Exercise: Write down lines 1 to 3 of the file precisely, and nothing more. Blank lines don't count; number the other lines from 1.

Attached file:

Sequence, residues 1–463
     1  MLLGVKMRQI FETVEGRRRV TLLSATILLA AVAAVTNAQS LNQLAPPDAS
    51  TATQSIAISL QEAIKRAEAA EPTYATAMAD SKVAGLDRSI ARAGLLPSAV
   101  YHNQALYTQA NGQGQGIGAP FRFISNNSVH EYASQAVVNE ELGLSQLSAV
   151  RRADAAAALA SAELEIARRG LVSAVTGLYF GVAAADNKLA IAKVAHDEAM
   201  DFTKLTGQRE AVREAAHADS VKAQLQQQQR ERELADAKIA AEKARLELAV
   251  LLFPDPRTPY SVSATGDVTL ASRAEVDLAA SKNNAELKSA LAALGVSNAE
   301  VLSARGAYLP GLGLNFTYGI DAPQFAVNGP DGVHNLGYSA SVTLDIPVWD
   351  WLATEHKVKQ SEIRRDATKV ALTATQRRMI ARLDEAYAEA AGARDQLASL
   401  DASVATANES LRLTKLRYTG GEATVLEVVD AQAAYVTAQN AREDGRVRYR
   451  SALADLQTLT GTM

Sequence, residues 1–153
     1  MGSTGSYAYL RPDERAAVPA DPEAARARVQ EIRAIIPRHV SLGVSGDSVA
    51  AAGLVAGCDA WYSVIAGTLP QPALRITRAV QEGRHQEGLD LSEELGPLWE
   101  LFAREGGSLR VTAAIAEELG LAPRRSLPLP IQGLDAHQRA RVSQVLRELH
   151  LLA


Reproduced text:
Sequence, residues 1–463
     1  MLLGVKMRQI FETVEGRRRV TLLSATILLA AVAAVTNAQS LNQLAPPDAS
    51  TATQSIAISL QEAIKRAEAA EPTYATAMAD SKVAGLDRSI ARAGLLPSAV